SA's top court dismisses Zim's appeal

SOUTH Africa’s Constitutional Court on Thursday dismissed an appeal by Zimbabwe to rescind a costs order against it made by the Southern African Development Community (Sadc) Tribunal and enforced by a South African court.

This case began in 2007 when three Zimbabwean farmers challenged the country’s land-reform policy before the tribunal, asking for a ruling that the dispossession of their farms by their government without compensation was unlawful.

The tribunal — which hears cases that citizens of Sadc countries bring against their governments after all domestic legal avenues have been exhausted — found in favour of the farmers and ordered Zimbabwe to pay compensation for the confiscated farms.

When Zimbabwe failed to comply with the compensation order, the farmers approached the tribunal for further relief. It found Zimbabwe guilty of contempt and ordered it to pay the costs of the applicants — another order that Zimbabwe ignored.

Next the farmers approached the courts in South Africa. They applied for an order allowing them to serve the notice of motion for the registration of the costs order in South Africa. That order was granted in March 2010.

A year later, the farmers’ lawyers attached a property owned by the Zimbabwean government in Kenilworth, Cape Town, worth just more than R2m, to cover the costs order granted by the tribunal.

Zimbabwe applied to the high court to have both the costs order of the tribunal and the writ by the court rescinded. This application was denied. Its appeal to the Supreme Court of Appeal was also dismissed.

In its judgment on Thursday, the Constitutional Court dismissed Zimbabwe’s application for the rescission of the writ.

In a majority judgment, Chief Justice Mogoeng Mogoeng said article 32 of the Sadc Tribunal protocol obliged member sStates to facilitate the enforcement of judgments and orders of the tribunal.

“It also makes these decisions binding and enforceable within the territories of the States concerned,” he said.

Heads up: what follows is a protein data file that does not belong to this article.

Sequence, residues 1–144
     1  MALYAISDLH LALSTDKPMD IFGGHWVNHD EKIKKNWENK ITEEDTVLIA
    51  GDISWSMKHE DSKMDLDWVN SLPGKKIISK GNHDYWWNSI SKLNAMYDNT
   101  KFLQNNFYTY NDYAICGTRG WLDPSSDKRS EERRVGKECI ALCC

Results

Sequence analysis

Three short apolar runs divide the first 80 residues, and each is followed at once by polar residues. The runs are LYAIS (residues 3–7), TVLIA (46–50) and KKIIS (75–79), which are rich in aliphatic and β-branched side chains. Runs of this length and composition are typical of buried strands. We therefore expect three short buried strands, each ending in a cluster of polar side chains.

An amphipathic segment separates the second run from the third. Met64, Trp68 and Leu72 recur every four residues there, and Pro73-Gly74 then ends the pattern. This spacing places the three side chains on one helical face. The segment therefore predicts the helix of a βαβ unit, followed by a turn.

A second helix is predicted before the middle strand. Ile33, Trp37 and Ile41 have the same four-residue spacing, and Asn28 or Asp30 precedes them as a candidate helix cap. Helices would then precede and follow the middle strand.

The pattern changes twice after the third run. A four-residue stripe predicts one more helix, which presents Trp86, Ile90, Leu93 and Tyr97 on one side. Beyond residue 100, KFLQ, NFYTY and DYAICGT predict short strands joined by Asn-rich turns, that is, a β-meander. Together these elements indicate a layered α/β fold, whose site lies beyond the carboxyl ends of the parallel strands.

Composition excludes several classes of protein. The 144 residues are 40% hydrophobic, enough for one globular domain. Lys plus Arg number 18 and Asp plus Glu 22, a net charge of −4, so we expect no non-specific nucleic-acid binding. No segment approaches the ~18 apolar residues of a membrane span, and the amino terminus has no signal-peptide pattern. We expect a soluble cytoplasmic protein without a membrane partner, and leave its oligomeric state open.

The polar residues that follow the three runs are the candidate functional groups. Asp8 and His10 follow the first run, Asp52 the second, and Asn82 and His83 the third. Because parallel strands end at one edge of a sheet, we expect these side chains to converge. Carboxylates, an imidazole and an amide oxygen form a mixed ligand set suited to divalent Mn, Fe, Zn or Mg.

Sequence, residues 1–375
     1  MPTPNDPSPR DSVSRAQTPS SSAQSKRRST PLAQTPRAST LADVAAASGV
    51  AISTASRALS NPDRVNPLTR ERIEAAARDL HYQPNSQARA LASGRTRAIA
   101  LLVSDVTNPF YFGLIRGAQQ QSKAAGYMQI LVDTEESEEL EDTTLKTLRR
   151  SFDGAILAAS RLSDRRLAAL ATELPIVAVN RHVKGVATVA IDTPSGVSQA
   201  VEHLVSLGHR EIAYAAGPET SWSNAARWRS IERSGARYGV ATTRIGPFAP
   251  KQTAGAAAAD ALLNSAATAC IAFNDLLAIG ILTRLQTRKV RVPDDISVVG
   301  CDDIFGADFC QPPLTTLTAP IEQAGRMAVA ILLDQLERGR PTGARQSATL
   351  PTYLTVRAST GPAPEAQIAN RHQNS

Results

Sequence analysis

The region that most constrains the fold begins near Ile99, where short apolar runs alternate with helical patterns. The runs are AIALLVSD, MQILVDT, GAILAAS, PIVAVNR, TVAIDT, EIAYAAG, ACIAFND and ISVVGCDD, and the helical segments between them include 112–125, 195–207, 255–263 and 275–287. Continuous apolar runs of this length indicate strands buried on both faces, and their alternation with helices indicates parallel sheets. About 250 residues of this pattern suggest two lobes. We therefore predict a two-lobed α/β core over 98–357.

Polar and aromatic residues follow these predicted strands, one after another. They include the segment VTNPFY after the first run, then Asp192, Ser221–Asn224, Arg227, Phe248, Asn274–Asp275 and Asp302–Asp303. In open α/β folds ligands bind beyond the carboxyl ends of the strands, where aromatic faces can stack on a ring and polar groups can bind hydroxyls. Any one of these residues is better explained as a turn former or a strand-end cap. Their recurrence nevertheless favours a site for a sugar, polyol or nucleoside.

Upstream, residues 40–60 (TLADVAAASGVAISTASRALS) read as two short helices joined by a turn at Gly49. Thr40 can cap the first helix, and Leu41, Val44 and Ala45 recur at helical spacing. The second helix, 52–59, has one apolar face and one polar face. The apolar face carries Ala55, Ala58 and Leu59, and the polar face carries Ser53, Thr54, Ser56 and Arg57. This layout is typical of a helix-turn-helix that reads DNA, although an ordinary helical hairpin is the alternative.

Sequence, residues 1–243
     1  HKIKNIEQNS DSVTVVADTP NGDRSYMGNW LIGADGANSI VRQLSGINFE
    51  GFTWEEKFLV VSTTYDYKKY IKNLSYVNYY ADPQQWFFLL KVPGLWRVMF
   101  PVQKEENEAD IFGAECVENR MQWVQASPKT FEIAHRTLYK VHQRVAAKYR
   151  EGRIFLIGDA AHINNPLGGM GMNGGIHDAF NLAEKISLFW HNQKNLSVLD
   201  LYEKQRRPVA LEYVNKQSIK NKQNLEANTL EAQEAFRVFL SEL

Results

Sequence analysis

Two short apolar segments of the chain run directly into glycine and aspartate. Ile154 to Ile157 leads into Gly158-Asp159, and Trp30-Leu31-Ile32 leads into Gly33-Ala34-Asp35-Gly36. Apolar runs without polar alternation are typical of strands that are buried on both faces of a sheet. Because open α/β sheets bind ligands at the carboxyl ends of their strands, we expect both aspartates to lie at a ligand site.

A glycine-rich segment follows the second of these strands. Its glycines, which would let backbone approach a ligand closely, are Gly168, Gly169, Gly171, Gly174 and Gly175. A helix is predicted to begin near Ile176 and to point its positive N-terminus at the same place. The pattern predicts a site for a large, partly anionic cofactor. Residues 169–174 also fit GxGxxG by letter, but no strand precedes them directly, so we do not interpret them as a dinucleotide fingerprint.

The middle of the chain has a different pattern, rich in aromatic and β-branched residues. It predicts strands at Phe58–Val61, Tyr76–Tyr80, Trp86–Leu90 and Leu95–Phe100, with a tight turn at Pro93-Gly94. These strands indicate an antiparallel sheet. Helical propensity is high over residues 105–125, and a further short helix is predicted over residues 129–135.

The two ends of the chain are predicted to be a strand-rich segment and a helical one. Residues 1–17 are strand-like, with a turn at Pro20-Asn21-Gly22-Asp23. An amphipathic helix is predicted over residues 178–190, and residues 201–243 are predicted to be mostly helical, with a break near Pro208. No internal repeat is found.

Justice Mogoeng said subject to compliance with the law on the enforcement of foreign judgments in force in South Africa, Zimbabwe was duty-bound to act in accordance with the provisions of article 32.

He also developed the common law on the enforcement of foreign judgments and orders to apply to those of the tribunal.

He said the South African common law on the enforcement of foreign civil judgments had, thus far, been developed to provide only for the execution of judgments made by domestic courts of a foreign State.

Justice Mogoeng said the common law did not apply to the enforcement of judgments of the tribunal and there was no other legal provision for the enforcement of such decisions in South Africa.

“This then gives rise to the need to develop the common law of South Africa to pave the way for the enforcement of judgments or orders made by the tribunal. This development of the common law extends to the enforcement of judgments and orders of international courts or tribunals, based on international agreements that are binding on South Africa,” he said.

In a separate judgment, Justice Chris Jafta said he would have dismissed the application for leave to appeal on the basis that it was not in the interest of justice to grant leave.

“In essence, therefore, this matter is about rescission of the orders granted by the high court with Zimbabwe’s deliberate indifference,” he said.

Justice Jafta said that in its oral and written argument before the Constitutional Court, the Zimbabwean government had failed to address the question of whether the requirements for rescission of a writ had been met.

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